The Federal Circuit Holds that a Public, Non-Disclosing Sale is Prior Art; But Do the 102(b)(1) Exceptions Apply?

In Helsinn Healthcare S.A. v. Teva Pharmaceuticals USA, Inc., [2016-1284, 2016-1787] (May 1, 2017), the Federal Circuit reversed the district court’s determination that U.S. Patent Nos.  7,947,724, 7,947,725, 7,960,424, and 8,598,219, were not anticipated, finding that the patents-in-suit were subject to an invalidating contract for sale prior to the critical date, and the AIA did not change the statutory meaning of “on sale.”  The product covered by the patents was subject to a Supply and Purchase Agreement, contingent on FDA approval of the formulation, the terms of which were public except for the price and the specific dosage formulation covered by the agreement.

As to the ’724, ’725, and ’424 patents, the district court found that pre-AIA law applied under § 102(b) and that the Supply and Purchase Agreement was a contract for a future sale of a commercial product embodying the
0.25 mg dose and therefore constituted a sale under (old) §102(b). But, the district court found that the claimed invention was not reduced to practice before the critical date, and therefore was not ready for patenting
under the second prong of Pfaff.

As to the ’219 patent governed by the AIA, the court held that the AIA changed the meaning of the on-sale bar and § 102(a)(1) now “requires a public sale or offer for sale of the claimed invention.” The district court concluded that, to be “public” under the AIA, a sale must publicly disclose the details of the invention, and thus the Supply and Purchase Agreement did not constitute a public sale or commercial offer for sale because, although it disclosed the sale agreement and substance of the transaction, it failed to publicly disclose the 0.25 mg dose. The district court also found that the invention was not ready for patenting before the critical date.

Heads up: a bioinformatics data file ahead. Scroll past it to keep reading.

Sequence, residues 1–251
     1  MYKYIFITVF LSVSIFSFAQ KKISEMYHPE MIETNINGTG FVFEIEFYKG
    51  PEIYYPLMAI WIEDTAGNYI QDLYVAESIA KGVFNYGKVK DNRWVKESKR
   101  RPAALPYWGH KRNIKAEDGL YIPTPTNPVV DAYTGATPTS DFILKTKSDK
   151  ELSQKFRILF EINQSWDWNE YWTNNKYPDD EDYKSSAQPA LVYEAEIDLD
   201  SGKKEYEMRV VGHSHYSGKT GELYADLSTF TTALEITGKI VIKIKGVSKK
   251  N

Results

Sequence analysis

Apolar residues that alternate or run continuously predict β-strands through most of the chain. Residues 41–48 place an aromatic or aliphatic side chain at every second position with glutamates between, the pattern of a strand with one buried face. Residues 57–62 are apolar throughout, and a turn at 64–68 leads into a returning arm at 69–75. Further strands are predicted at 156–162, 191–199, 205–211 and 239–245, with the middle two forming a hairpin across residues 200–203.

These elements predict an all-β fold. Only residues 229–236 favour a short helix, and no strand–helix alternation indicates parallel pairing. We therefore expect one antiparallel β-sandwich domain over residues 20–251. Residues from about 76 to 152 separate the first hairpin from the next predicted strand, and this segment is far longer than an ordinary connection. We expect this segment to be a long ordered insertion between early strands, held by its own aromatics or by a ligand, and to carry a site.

On the issue of the post-AIA meaning of “on sale,” the Federal Circuit acknowledged the arguments that the statutory language “otherwise available to the public” and various statements by individual members of Congress, meant that “on sale” in post-AIA 102 does not include non-disclosing sales.  After first noting that “floor statements are typically not reliable,” the Federal Circuit distinguished these statements as directed to non-disclosing public uses, not non-disclosing offers for sale.  The Federal Circuit noted that the comments did not identify any sale cases that would be overturned by the amendments, and noted that even if they were intended to overrule prior secret sale cases, the comments still did not apply because the case before it involved a public but non-disclosing sale.

The Federal Circuit said that requiring disclosure as a condition of the on-sale bar would work a “foundational change” in the theory of the statutory on-sale bar.  The Federal Circuit noted that both the Supreme and its own precedent had rejected the requirement that the sale be disclosing:

[O]ur prior cases have applied the on-sale bar even when there is no delivery, when delivery is set after the critical date, or, even when, upon delivery, members of the public could not ascertain the claimed invention.

The Federal Circuit found no indication in the floor statements that these
members intended to overrule these cases, and in fact the Federal Circuit found the statements to be consistent.  The Federal Circuit found no floor statements suggesting that the sale or offer documents must themselves publicly disclose the details of the claimed invention before the critical